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“Here’s what we hoped to accomplish,” Tom Lawrence, chairman of the Flagler County Tea Party Group, said when the evening was done. “We hoped to get a good turnout. We think we got a reasonably good turnout. We were delighted that all the candidates accepted, and I think the one guy that didn’t accept has dropped out of the race, the young guy. So what we were trying to do is put the voters together with the candidates in an environment where they can have one on one questions. This isn’t going to be a three-minute stump speech followed by three canned questions. It’s going to be, I walk up and I talk to you, I ask every question on my mind and I get your input. Then I walk across the hall to your opponent and I talk to him, and maybe it rings some bells and I come back and I ask you again, so by the end of the evening I would have had a chance to really probe into your thinking and get an honest appreciation of where you’re coming from, better than I could have gotten from a forum.”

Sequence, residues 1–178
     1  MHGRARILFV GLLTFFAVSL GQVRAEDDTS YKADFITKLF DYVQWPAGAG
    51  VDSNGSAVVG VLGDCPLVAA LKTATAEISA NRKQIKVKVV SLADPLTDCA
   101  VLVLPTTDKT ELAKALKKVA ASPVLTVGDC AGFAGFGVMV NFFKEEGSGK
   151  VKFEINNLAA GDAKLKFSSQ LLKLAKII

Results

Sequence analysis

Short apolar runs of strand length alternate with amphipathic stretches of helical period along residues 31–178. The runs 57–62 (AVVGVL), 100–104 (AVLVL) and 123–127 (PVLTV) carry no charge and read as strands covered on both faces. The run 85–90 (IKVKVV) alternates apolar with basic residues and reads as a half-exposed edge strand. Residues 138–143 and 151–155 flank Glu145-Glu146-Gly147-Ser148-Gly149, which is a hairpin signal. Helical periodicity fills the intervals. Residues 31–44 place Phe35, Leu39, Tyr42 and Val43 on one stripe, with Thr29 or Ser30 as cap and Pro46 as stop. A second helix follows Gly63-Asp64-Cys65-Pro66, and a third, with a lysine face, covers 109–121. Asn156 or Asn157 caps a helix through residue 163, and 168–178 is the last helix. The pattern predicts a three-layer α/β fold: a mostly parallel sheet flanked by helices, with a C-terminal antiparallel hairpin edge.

The crowds around individual tables told a story: Jon Netts, incumbent mayor and the city’s longest-serving politician, was never at a loss for inquirers—or words of his own. In a different place and time, Netts might have rivaled Anthony Trollope for word production. He was also positioned first, as you entered the hall, catching that first wave. Next to him was Holsey Moorman, the incumbent council candidate running from District 2 against challenger Bill McGuire, further down the row. McGuire identifies himself with the tea party. Organizers had placed Jason DeLorenzo between Moorman and McGuire. DeLorenzo is running for Ditsrict 3, an open seat vacated by Mary DiStefano, who is term-limited. Each had a steady stream visitors.